- 19. Vita R, Zarebski L, Greenbaum JA, Emami H, Hoof I, et al. (2010) The immune epitope database 2.0. Nucleic Acids Res 38: D854–D862. doi: 10.1093/nar/gkp1004
- 20. Vita R, Zarebski L, Greenbaum JA, Emami H, Hoof I, et al.. (2009) Immune Epitope Database and Analysis Resource. Available: http://www.immuneepitope.org/. Accessed August 2012.
- 21. Rammensee H, Bachmann J, Emmerich NP, Bachor OA, Stevanovic S (1999) SYFPEITHI: database for MHC ligands and peptide motifs. Immunogenetics 50: 213–219. doi: 10.1007/s002510050595
- 22. Rammensee H, Bachmann J, Emmerich NP, Bachor OA, Stevanovic S (1999) Available: http://www.syfpeithi.de/. SYFPEITHI: a database of MHC ligands and peptide motifs. Accessed August 2012.
- 23. Toussaint NC, Kohlbacher O (2009) OptiTope–a web server for the selection of an optimal set of peptides for epitope-based vaccines. Nucleic Acids Res 37: W617–W622. doi: 10.1093/nar/gkp293
- 24. Toussaint NC, Kohlbacher O (2009) Available: http://www.epitoolkit.org/optitope. Accessed August 2012.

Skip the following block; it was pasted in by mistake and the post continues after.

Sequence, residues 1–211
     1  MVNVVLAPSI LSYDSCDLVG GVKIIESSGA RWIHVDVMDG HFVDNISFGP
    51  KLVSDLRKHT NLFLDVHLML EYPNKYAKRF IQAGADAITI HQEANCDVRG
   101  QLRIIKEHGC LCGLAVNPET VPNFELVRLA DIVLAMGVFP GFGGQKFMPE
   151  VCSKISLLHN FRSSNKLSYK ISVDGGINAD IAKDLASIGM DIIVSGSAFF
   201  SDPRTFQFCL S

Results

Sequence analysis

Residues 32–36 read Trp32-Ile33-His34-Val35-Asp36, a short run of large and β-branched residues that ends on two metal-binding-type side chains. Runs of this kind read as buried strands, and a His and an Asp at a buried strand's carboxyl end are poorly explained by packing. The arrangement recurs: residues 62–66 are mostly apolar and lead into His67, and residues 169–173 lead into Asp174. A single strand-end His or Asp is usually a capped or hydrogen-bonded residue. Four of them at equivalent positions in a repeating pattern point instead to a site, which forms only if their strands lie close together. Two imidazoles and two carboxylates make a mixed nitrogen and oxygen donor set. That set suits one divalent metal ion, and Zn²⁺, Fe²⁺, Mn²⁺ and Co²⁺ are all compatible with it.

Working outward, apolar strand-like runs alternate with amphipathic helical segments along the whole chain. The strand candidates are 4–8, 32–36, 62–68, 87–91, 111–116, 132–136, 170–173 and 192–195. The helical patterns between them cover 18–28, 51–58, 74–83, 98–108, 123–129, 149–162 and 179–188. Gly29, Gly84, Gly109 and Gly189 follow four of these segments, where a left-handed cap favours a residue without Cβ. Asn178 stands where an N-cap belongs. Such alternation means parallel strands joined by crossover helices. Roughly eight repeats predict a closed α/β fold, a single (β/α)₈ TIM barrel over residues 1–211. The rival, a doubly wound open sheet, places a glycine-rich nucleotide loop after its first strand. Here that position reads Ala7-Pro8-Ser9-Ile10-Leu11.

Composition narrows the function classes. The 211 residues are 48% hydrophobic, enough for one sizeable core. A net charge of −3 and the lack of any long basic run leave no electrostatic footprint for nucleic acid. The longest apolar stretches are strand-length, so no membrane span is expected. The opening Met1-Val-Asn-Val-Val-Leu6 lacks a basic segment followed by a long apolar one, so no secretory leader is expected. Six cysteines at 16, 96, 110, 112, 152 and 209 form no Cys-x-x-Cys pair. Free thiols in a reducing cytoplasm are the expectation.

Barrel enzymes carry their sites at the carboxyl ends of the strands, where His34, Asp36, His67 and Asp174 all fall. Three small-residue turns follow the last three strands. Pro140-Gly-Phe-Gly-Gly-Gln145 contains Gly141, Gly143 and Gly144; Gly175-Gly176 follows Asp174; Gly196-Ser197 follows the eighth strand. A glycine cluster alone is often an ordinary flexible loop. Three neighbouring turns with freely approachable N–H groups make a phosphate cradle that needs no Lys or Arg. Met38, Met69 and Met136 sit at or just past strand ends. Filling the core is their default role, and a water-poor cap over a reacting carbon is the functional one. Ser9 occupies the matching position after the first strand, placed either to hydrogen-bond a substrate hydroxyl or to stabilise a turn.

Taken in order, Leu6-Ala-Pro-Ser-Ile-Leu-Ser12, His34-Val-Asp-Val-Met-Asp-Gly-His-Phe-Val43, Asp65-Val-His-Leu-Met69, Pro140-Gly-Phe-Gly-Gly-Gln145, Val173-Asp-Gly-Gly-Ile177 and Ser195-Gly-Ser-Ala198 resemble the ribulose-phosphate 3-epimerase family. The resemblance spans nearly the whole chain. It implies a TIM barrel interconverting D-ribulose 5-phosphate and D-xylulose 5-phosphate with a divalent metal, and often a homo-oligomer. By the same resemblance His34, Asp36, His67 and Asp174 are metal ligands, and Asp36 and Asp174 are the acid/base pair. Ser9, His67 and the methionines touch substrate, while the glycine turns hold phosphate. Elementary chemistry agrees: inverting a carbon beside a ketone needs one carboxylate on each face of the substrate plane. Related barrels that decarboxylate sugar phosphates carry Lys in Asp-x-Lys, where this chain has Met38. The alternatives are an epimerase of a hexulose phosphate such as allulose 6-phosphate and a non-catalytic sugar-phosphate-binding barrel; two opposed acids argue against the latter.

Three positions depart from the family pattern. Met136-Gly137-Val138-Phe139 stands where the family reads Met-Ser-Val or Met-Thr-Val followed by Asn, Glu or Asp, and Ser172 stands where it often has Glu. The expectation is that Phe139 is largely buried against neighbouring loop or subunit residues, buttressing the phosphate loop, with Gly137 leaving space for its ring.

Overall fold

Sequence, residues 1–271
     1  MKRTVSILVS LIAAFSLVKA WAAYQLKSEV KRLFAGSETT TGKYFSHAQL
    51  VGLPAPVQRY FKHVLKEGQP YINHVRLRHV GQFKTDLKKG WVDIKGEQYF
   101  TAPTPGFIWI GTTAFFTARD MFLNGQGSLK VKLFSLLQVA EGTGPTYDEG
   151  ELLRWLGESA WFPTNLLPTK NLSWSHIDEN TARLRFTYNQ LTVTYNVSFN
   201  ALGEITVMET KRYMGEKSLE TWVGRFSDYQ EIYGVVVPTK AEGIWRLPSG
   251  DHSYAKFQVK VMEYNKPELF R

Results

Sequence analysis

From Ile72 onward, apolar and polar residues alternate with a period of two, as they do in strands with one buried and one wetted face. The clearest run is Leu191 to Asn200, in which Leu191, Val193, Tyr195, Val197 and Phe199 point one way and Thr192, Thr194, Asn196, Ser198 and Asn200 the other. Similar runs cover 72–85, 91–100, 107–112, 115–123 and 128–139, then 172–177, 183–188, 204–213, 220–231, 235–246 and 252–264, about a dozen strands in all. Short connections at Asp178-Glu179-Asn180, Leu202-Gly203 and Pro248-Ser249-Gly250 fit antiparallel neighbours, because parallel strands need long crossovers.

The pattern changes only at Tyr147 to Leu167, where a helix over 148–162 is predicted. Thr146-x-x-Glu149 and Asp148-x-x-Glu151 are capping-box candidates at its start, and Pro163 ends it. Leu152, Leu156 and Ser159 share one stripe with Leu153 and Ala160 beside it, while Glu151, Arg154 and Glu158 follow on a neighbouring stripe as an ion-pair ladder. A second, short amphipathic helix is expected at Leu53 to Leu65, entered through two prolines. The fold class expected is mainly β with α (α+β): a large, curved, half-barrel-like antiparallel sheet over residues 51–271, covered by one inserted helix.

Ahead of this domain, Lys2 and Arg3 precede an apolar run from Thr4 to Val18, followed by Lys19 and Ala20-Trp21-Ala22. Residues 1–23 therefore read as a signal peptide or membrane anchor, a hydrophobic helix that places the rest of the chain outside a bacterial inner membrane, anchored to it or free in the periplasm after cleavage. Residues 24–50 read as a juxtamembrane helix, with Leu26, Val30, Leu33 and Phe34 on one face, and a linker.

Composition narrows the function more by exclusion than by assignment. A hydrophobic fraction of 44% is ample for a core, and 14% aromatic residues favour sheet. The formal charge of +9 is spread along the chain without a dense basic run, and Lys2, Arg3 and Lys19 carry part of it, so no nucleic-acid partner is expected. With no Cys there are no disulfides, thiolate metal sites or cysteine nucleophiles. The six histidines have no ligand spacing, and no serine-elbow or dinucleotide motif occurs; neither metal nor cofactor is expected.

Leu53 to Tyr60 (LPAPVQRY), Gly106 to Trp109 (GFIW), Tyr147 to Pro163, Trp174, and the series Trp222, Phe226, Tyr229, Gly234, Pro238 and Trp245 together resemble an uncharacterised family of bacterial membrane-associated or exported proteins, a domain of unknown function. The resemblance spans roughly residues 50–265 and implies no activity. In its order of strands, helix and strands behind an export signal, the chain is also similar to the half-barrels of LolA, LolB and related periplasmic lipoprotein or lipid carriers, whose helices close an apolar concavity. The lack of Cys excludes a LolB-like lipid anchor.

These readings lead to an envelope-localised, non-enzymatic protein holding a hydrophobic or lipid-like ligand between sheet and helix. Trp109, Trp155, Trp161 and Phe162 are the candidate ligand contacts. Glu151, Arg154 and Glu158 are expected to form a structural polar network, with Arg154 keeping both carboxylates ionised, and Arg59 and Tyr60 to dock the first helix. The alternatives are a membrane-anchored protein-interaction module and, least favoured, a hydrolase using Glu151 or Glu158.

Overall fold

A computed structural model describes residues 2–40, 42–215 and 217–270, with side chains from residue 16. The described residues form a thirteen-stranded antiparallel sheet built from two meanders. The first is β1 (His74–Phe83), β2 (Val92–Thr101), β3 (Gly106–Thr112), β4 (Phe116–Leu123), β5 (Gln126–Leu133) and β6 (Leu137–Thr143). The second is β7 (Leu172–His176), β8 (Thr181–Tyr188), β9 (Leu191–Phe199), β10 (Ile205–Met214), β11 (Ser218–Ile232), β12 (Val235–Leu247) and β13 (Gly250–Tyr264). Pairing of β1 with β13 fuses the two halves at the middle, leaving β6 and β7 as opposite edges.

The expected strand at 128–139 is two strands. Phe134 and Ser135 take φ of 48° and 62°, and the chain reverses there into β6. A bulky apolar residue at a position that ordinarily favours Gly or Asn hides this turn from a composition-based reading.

- 25. Karosiene E, Lundegaard C, Lund O, Nielsen M (2012) NetMHCcons: a consensus method for the major histocompatibility complex class I predictions. Immunogenetics 64: 177–186. doi: 10.1007/s00251-011-0579-8
- 26. Karosiene E, Lundegaard C, Lund O, Nielsen HM (2012) NetMHCcons 1.0 server. Available: http://www.cbs.dtu.dk/services/NetMHCcons/. Accessed August 2012.
- 27. Kaur K, Sullivan M, Wilson PC (2011) Targeting B cell responses in universal influenza vaccine design. Trends Immunol 32: 524–531. doi: 10.1016/j.it.2011.08.007
- 28. Fischer W, Perkins S, Theiler J, Bhattacharya T, Yusim K, et al. (2007) Polyvalent vaccines for optimal coverage of potential T-cell epitopes in global HIV-1 variants. Nat Med 13: 100–106. doi: 10.1038/nm1461
- 29. Barouch DH, O'Brien KL, Simmons NL, King SL, Abbink P, et al. (2010) Mosaic HIV-1 vaccines expand the breadth and depth of cellular immune responses in rhesus monkeys. Nat Med 16: 319–323. doi: 10.1038/nm.2089